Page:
at the bottom of the platformio.ini is needed. (This topic was also crossposted to the community forum at https://community.platformio.org/t/compiler-failing-to-find-header-files-for-ssd1306/18658)

Greg Mansker
6 months ago

I have been very frustrated trying to switch to PlatFormio. This video helped a lot. Thanks for talking at a normal speed and very well explained. I had already install the programs before and just checked for Python and doesn’t look like its there? PlatFormio seem fine other than my lack of knowledge? Not sure if that’s OK. I’m using MS Office 365 I don’t know if that has any thing to do with it. Much to learn!
Your example with the servos is close to what I’m working on except with close loop stepper motor.

Neil Barnett
6 months ago

I’ve never got on with PIO, it always seems like it’s one of those things that is either a “sledgehammer to crack a nut” or a way to confuse anyone who isn’t one of the “in the know” people. Why does the support, help, advice, starter instructions only appear on other people’s websites, like this one? I have managed to compile and run Blink, and that’s about it. Nothing else has ever run, certainly not if it needs a library installed, for sure. If I want to pause sketches or examine variables in my Arduino IDE programming, I just do,… Read more »

Michael
6 months ago
Reply to  Neil Barnett

The first time you’re going to try in-circuit debugging you’ll realize just how much time you could have saved by starting using it earlier 😉

Angelo
5 months ago

Always great content and lessons, thanks again

André Courtemanche
5 months ago

great tutorial Bill, thank you! I was wondering if it will be possible to install PlatformIO on a Raspberry Pi 4! Right now I use a RP4 to run the Arduino IDE AND I upload my sketches directly to an Arduino Board connected to the RP4. I have that environment since I didn’t want to connect a microcontrollers directly to my brand new MacBook Pro. What do you think, anyone? Thanks for your help – André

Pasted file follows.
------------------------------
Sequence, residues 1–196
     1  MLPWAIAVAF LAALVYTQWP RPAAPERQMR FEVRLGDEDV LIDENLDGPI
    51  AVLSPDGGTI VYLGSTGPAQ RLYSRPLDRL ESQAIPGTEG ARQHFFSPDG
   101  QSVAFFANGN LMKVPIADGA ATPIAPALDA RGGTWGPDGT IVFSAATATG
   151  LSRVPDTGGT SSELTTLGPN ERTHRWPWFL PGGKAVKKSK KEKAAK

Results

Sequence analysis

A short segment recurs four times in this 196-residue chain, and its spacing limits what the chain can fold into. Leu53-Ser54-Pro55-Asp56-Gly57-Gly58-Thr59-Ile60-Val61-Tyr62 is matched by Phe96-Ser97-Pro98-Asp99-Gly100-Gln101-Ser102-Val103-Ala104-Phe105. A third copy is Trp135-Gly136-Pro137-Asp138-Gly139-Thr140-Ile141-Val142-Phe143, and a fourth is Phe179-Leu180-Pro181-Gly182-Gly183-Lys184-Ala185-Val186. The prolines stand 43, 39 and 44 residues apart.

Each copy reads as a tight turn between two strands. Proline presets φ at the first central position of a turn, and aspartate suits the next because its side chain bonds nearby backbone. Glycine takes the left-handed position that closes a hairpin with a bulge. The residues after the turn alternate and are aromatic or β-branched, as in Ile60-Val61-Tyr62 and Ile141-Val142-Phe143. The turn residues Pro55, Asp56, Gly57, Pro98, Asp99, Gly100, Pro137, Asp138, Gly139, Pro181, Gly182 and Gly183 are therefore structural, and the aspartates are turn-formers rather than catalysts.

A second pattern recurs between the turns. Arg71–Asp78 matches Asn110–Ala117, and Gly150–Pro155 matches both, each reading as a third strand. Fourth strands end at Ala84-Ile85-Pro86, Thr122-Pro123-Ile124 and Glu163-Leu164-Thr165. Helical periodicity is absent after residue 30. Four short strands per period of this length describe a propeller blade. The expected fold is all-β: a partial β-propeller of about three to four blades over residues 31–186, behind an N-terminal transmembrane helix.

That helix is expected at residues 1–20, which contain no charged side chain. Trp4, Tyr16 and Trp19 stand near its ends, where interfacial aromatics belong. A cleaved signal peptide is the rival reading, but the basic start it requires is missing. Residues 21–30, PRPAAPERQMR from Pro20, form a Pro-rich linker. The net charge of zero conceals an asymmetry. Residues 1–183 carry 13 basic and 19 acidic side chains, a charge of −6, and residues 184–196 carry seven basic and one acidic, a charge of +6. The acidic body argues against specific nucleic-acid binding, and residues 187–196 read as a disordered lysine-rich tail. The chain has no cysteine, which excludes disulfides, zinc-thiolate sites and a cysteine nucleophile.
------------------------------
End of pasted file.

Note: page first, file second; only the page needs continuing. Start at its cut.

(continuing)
4 months ago

Absolutely brilliant video Bill! All working and i feel a lot more grown up with Arduinos now!!

John Mitterer
4 months ago

Thank You! In a past life I was a c++ software developer and used Visual Studio extensively.
Now I’m retired and to fill my time and learn something new I have been dabbling with the atmel micro-controllers using the Arduino IDE. I have watched several of your YouTube videos and they have been VERY helpful in getting up to speed. Now I learn I can go back to Visual Studio and PlatformIO to develop with.

Thank you again for all the great info, you are a great teacher.

John Szymanski
3 months ago

I can’t tell you how helpful your videos and website are. Amazing detail and great pedagogy. Thanks.

Anthony J. Arnovitz
1 month ago

This was great! I was able to get everything set up and configured to connect to a Visual Studio DevOps Git repo – so now I have an easier way to utilize source control.

Anthony J. Arnovitz
2 days ago

I just had to try this – PlatformIO also supports assembly language for the Arduino. Just name your assembly language file with the “.s” extension and define the name of the assembly routines and variables as external references in the C/C++ code.

The instruction set documentation is available at the Atmel website: AVR Instruction Set Manual (microchip.com)

(I have not tried it with the Arduino IDE.)